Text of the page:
Ad buyers were surprised by Steve McPherson's sudden departure as ABC's programming chief and praised his competitiveness, while noting that he had only limited success in replacing the network's biggest shows as they aged.
Some buyers also noted that McPherson wasn't as accessible to ad buyers as some of his counterparts at the other networks and made it difficult for sponsors to integrate their products into new scripted series. Ad execs also say they have high hopes for expected replacementPaul Lee.
"Steve brought some great shows to ABC," said Jackie Kulesza, senior VP/broadcast activation director for media agency Starcom USA. "They certainly had been in the process of an upswing when he got there and he maintained that," though she added, "they have had a little trouble of late."
"I think he did a satisfactory job at ABC," said Brad Adgate of Horizon Media. "He was smart enough to leave things that were working alone like Lost, Desperate Housewives and Grey's Anatomy," which went on the air as he took the reins of the network after helping develop them as head of ABC's studio.
"I think the new programs under his aegis were not as successful as those three although there were some promising shows like Pushing Daisies that were cut short by the writer's strike," he said. ("I continue to personally believe that Pushing Daisies and Dirty Sexy Money were wonderful shows that just never made it back from the strike," seconds Kulesza.)
Adgate added that "last season McPherson was finally able to launch a successful comedy block led by Modern Family."
"It was really hit or miss. No one has a perfect batting average," said Shari Brill, longtime programming chief at media buyer Carat and now an industry analyst. "One of the best shows on ABC is gone [Lost] and the other two are aging. It was really to develop the heirs that he wasn't able to do."
And while McPherson was typically enthusiastic about some of ABC's shows debuting this fall, notably No Ordinary Family and My Generation, Ms. Brill says that with the schedule he leaves behind "I don't see them poised for growth."
Under McPherson, she added, a number of shows got the green light that were questionable. Brill said, including Cavemen and Hank. Other comedies that could have been more successful, such as Ugly Betty and Samantha Who? got bounced from time slot to time slot.
Scheduling long mid-season break also hurt the network's sci-fi oriented shows including Flash Forward and even Lost because when they came back, many views didn't return, Brill said.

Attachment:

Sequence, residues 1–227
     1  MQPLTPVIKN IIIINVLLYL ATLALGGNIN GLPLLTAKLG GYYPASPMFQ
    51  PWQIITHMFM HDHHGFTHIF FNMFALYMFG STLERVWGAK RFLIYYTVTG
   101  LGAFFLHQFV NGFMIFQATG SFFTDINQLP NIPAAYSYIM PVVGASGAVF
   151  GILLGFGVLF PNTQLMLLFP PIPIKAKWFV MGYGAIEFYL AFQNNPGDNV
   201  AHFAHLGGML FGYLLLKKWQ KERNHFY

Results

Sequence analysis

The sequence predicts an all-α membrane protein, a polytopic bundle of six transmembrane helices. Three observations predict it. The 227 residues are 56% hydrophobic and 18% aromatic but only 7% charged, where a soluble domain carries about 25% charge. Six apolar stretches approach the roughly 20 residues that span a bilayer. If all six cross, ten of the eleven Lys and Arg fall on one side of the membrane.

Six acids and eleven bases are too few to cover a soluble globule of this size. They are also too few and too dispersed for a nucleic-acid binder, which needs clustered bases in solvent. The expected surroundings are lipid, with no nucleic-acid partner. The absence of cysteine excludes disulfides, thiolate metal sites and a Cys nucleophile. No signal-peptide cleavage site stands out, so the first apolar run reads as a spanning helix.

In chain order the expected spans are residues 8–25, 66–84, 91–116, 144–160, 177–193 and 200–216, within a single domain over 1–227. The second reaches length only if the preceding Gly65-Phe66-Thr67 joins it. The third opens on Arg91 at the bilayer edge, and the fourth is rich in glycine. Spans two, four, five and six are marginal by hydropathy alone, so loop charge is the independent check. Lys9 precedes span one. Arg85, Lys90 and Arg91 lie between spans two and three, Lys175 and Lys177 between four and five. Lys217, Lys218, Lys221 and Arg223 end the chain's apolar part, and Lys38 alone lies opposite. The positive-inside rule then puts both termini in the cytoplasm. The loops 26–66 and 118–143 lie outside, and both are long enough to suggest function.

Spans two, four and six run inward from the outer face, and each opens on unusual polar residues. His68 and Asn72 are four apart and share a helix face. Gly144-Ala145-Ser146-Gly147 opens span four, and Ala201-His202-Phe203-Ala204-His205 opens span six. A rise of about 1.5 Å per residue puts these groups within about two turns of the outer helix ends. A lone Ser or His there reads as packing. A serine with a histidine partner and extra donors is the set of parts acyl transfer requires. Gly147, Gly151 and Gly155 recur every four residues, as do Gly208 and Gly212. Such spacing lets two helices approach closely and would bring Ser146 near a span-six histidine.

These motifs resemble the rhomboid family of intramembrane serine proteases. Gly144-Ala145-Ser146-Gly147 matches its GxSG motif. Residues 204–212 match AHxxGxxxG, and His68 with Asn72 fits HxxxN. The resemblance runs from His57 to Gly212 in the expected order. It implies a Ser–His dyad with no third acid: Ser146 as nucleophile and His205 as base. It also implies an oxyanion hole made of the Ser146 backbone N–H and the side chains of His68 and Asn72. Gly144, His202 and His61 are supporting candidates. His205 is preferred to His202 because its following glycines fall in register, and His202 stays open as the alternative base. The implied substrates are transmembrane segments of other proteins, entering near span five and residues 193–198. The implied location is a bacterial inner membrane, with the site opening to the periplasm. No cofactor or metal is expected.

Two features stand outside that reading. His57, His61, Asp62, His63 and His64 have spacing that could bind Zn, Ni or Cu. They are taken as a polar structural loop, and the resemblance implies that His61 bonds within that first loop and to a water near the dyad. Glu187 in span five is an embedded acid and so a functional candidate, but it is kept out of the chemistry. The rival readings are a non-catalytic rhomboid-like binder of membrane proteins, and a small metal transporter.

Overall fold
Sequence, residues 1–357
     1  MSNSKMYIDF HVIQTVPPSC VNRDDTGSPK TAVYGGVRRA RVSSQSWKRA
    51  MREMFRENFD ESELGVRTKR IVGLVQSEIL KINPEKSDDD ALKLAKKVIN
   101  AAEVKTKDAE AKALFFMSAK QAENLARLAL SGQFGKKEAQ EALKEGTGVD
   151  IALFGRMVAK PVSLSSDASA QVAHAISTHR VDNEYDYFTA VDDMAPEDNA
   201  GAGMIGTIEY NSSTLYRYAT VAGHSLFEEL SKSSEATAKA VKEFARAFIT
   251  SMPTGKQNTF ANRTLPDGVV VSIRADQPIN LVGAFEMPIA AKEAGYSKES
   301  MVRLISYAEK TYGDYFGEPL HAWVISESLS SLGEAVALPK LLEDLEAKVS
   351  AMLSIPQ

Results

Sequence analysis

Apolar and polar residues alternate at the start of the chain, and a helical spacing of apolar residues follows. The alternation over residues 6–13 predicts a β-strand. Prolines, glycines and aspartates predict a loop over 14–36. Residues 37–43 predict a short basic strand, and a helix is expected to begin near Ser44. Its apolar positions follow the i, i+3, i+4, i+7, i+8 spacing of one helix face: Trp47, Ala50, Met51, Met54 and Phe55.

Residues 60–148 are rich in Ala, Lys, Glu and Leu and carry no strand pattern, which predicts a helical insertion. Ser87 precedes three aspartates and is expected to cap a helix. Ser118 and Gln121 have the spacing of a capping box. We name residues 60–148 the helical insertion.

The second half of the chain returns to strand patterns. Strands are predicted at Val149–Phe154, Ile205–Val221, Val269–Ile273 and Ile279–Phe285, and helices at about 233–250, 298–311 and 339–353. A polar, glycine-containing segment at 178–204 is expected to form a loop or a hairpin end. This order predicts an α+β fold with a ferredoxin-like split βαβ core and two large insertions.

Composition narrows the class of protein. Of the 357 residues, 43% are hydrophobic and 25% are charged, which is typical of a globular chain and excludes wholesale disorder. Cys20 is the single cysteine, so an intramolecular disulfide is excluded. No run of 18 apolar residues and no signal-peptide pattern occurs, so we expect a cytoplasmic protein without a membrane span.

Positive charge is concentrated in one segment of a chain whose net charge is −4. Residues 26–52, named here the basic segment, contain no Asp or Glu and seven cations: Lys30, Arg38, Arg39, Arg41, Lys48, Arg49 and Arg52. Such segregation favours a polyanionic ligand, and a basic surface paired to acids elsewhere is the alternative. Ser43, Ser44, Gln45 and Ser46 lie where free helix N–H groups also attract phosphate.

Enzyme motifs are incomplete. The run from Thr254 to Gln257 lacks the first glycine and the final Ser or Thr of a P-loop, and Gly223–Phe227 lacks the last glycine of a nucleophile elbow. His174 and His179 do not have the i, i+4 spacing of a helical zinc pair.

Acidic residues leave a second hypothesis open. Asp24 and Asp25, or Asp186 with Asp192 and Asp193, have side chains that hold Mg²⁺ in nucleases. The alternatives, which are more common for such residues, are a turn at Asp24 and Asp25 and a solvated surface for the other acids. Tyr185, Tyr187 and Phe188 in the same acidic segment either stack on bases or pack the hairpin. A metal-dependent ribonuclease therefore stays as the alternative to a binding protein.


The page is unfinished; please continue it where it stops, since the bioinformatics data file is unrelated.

Ultimately, some ad buyers noted that they're never surprised to see a network programmer depart. McPherson had actually enjoyed a relatively long tenure in the job, one buyer noted. Buyers tend mostly to judge network programming chief by whether or not they deliver the eyeballs they promise. And they'd rather get those eyeballs from good scripted shows than from reality programming.
"I think buyers liked him; he was a competitor," said Adgate, who also admired the way he and Edyta Sliwinski from Dancing With the Stars performed during one of ABC Upfront. "That one was the best upfront moments in recent years," he said.
But one buyer said that when new shows were developed, McPherson opposed letting sponsors get too involved because he felt the shows needed time to develop and that product integration would serve as a distraction from the creative process.
On the other hand, ABC's unscripted shows were very advertiser friendly, the buyer noted.
Buyers had good things to say about McPherson's replacement Paul Lee, who has been running ABC Family.
Kulesza noted that ABC Family's original programming -- including the new shows Huge and Pretty Little Liars -- have been delivering record breaking numbers.
"We have high expectations for him," she said. "I feel that at ABC Family, Paul has been a great partner and look forward to him continuing that at ABC."
Brill is also impressed with what Lee accomplished at ABC Family.
"He's created an image for that network which everybody just thought was just a bad investment, a dumping ground for failed ABC Shows. It was just a mishmash," she said.
Brill also noted that Lee's resume includes a stint as a BBC reporter stationed in Belfast.
"He's been behind enemy lines. That kind of background might help him run a network."
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